Kenora election debate dominated by jobs, economy

Candidates in the Kenora-Rainy River riding squared off at a debate in Kenora Tuesday night before a packed hall of more than 100 people.
NDP Candidate Sarah Campbell talks to audience members at the Chamber of Commerce debate in Kenora. Campbell says lower hydro rates would improve the economy in the region. (Jeff Walters/CBC)

Candidates in the Kenora – Rainy River riding squared off at a debate in Kenora Tuesday night before a packed hall of more than 100 people.

Much of the discussion focused on jobs and the economy.

"There has been a lot of discussion tonight about the mining industry, and the forest industry has been dismissed as a dying industry," Marion McKay said to the candidates.

"What action would you and your party take to rebuild the forest industry?" she asked.

PC Candidate Randy Nickle says job creation are his top priority. (Jeff Walters/CBC)

NDP incumbent Sarah Campbell responded by saying hydro costs in the province are too high.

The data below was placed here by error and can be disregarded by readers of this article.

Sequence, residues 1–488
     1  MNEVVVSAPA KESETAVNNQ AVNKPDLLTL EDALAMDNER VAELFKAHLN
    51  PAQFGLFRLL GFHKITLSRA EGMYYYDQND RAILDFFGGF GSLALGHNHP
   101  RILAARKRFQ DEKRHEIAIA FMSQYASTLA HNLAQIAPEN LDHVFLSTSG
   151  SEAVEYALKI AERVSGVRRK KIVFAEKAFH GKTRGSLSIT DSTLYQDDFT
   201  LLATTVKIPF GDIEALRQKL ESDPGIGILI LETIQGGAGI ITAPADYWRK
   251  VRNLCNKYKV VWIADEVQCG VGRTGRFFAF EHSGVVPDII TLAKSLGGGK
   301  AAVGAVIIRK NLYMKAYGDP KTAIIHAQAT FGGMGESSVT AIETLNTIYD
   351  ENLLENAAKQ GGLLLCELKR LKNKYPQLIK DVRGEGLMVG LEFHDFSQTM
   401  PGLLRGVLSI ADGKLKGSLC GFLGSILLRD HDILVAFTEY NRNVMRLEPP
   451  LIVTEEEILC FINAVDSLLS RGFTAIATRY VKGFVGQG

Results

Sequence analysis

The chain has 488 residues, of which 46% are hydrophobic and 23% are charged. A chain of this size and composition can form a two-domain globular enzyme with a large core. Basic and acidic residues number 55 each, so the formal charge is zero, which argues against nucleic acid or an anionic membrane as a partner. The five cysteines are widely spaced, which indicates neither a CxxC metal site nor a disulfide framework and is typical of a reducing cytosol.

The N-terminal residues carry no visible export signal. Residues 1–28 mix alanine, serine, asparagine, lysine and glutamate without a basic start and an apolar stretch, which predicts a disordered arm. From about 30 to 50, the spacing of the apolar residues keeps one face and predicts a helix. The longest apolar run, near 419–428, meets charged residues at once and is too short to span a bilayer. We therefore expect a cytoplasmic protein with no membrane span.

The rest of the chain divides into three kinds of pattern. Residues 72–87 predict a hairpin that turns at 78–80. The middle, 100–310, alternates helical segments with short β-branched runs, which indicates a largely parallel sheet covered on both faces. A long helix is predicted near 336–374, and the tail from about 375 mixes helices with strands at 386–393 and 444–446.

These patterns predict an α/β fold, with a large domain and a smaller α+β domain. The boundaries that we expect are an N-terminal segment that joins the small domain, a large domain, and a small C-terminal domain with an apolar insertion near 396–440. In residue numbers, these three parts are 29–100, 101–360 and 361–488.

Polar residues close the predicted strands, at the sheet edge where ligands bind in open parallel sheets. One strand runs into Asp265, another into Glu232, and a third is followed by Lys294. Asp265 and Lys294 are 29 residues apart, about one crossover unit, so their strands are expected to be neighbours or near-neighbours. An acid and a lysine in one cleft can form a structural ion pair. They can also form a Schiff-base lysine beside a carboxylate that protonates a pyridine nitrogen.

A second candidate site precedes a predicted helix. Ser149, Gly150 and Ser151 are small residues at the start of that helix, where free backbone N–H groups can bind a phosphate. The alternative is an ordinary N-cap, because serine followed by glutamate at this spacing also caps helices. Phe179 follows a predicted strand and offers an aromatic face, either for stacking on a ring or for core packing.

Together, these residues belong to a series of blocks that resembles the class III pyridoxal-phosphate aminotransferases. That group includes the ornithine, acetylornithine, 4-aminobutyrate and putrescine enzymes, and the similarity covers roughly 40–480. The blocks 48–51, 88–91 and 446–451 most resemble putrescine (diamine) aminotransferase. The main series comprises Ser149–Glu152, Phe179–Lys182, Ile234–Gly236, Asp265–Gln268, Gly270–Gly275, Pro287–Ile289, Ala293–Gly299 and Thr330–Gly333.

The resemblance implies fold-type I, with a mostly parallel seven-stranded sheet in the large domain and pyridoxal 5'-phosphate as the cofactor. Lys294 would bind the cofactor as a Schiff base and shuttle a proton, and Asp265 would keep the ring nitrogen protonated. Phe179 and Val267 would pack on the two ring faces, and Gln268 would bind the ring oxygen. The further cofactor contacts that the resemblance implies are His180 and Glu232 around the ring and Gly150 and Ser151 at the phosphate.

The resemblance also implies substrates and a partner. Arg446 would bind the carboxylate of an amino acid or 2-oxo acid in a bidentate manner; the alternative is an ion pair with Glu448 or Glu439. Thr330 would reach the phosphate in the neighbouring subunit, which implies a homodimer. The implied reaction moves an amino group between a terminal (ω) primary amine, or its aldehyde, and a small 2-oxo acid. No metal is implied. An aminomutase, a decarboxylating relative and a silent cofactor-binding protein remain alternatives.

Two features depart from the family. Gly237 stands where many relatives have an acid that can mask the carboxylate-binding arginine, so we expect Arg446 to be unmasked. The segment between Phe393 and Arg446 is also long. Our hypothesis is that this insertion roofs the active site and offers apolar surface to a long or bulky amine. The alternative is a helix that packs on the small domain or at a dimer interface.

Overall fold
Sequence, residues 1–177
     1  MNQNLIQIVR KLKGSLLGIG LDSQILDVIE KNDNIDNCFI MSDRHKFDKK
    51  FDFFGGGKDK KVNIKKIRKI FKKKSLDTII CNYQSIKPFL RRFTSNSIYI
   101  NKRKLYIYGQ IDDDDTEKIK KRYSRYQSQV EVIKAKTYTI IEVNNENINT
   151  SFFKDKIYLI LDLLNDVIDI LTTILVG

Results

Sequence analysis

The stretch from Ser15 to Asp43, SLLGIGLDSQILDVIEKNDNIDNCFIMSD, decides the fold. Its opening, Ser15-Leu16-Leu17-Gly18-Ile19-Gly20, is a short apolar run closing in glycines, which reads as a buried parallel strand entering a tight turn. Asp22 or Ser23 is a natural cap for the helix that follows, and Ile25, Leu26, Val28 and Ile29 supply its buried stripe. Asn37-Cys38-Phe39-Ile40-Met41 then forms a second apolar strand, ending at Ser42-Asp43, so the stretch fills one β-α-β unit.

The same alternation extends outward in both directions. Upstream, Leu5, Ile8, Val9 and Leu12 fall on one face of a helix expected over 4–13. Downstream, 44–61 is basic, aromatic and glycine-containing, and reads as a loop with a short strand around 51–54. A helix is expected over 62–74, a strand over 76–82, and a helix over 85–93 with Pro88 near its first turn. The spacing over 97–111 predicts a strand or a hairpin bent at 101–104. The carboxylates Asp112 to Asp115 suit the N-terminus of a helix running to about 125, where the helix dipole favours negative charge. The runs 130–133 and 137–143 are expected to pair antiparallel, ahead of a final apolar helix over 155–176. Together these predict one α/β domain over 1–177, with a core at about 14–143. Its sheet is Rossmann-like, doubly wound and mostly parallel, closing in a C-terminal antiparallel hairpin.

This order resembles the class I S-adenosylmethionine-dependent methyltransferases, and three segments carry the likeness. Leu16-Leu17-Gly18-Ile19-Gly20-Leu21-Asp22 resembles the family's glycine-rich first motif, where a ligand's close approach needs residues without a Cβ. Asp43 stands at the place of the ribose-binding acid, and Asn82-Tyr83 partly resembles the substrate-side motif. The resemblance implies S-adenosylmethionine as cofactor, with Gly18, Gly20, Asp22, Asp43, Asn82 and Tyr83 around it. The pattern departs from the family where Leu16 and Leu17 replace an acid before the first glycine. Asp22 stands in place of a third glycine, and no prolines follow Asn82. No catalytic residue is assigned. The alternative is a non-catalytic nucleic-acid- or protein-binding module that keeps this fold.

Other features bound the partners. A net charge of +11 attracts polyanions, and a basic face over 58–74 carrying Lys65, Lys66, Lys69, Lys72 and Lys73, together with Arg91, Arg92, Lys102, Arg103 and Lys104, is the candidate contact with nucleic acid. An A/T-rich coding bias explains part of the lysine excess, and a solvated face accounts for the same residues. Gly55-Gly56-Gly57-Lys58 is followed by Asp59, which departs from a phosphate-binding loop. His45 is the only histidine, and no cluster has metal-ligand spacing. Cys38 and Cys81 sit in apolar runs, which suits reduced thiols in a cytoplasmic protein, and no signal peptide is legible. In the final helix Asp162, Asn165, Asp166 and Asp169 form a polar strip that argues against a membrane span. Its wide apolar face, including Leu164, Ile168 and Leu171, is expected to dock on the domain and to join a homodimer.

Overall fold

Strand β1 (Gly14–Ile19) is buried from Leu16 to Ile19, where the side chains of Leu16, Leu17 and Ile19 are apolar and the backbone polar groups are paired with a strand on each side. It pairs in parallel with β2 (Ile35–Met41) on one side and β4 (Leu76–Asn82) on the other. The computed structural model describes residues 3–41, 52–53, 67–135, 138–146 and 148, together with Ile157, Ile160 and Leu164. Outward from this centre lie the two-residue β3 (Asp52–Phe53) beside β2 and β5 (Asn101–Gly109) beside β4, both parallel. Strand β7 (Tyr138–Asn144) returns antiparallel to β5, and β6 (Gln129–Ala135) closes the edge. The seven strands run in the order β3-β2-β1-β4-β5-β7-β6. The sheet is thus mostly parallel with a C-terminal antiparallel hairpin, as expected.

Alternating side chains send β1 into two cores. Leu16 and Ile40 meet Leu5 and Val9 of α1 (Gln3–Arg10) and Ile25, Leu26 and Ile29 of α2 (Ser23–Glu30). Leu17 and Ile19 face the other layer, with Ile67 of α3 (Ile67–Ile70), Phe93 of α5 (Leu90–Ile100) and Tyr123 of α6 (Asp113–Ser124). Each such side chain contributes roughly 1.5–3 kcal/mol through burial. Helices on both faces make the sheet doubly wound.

"At the same time that our mill went down in Fort Frances, two others are opening up across Canada," Campbell said. "It's not that there isn't a need for paper, it's that there's a problem in Ontario."

PC candidate Randy Nickle told the audience that jobs are his party's first priority.

Candidates say First Nations key to economic development

Nickle said once the province's books are balanced, the Progressive Conservatives would share resources, including forestry revenues with First Nations.

"Creating jobs in our province is extremely important. Through the jobs that are created in the province, it gives opportunity for some situations that are really bad."

Liberal Candidate Anthony Leek, Kenora-Rainy River says he's been talking to First Nations in the riding about their involvement in economic development. (Jeff Walters/CBC)

Liberal candidate Anthony Leek also spoke of the importance of involving First Nations in economic development.

"I've had discussions recently with some First Nation communities and they said we just want to get to the table, we want to be able to work these things out, so we can move everything forward." 

The event was organized by the Kenora Chamber of Commerce and candidates had a chance to see most questions in advance.